Eduardo Cuevas, Journal News, March 14, 2022
White people made up less than a third of Yonkers’ population in the 2020 census but were two-thirds of homeowners, according to 2019 census estimates the city uses.
Black people, meanwhile, were just over 10% of homeowners despite accounting for 18% of the city. And although Latinos accounted for 42% of the city in 2020, they were only 16% of homeowners the year prior.
A new program based in Yonkers aims to address the racial gap in homeownership by supporting first-time homebuyers as they navigate institutions that have discriminated against communities of color, especially Black people.
The Bailey Initiative, a local organization, partnered with the city of Yonkers and PCSB Bank to launch the Homeownership Promotes Equity, or HOPE, program. In late February, the program’s first cohort of eight people finished its four-week course on Zoom. Topics range from budgeting to evaluating credit needed to apply for a mortgage.
Duneshia Griffiths, a 43-year-old banker from Mount Vernon, hopes to eventually own an investment property. However, she plans to pass information from the program to other Black and brown families in her community.
“They don’t necessarily understand that concept of what homeownership can bring for your legacy,” Griffiths said. “Not just for yourself, but for your kids and your kids’ kids.”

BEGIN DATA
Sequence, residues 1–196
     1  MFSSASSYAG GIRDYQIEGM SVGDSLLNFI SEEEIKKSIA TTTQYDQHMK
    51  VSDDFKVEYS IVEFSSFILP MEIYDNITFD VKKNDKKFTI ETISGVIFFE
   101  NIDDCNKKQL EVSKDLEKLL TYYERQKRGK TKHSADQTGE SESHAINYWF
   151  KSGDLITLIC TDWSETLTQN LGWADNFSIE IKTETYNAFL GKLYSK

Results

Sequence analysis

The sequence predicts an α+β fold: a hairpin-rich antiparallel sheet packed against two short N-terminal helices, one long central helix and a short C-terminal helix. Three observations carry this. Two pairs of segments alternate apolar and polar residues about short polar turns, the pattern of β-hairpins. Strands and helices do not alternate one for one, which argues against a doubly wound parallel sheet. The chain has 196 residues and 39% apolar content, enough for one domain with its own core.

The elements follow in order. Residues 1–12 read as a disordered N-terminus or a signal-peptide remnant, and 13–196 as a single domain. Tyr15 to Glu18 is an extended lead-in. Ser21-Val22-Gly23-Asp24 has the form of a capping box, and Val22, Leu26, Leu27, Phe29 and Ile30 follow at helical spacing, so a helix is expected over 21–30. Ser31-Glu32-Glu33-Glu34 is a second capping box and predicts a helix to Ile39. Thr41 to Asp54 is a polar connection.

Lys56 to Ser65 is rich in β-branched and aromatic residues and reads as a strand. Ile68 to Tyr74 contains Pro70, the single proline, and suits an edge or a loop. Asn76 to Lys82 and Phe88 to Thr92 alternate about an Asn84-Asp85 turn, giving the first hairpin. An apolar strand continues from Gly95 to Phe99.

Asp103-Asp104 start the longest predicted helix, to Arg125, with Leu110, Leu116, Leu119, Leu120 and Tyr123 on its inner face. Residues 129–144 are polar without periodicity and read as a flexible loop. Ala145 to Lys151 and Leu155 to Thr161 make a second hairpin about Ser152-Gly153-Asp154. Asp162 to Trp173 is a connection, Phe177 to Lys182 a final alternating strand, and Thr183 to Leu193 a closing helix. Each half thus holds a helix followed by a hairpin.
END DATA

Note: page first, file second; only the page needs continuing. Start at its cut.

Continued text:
In 2020, Federal Reserve staff estimated white families typically have eight times the wealth of Black families and five times that of Latino families. Officials defined wealth as the difference between gross assets and liabilities. Experts say the racial wealth gap is growing.
A key wealth-building asset has been owning a home. Nationwide, white households tended to have a homeownership rate of around 74% in the fourth quarter of 2021, compared to around 43% for Black people and 48% for Latinos, according to Census Bureau statistics. Disparities have worsened from the early 2000s.
This has been exacerbated by historic discriminatory lending practices, redlining and exclusion from federal programs that allowed white families to own homes and pass wealth from generation to generation.
In 2020, Black people were denied mortgages at a rate of 84% higher than white applicants, an increase from the previous year, according to a recent Zillow analysis using data from the Home Mortgage Disclosure Act. Issues with credit and savings, spurred in part by income inequality, exacerbated this, researchers said.
If they are approved, Black people often are subject to predatory lending practices with high-cost, subprime loans making it difficult to pay off mortgages, which contributed to the 2010 foreclosure crisis, per a 2018 study published in the journal, Housing Studies.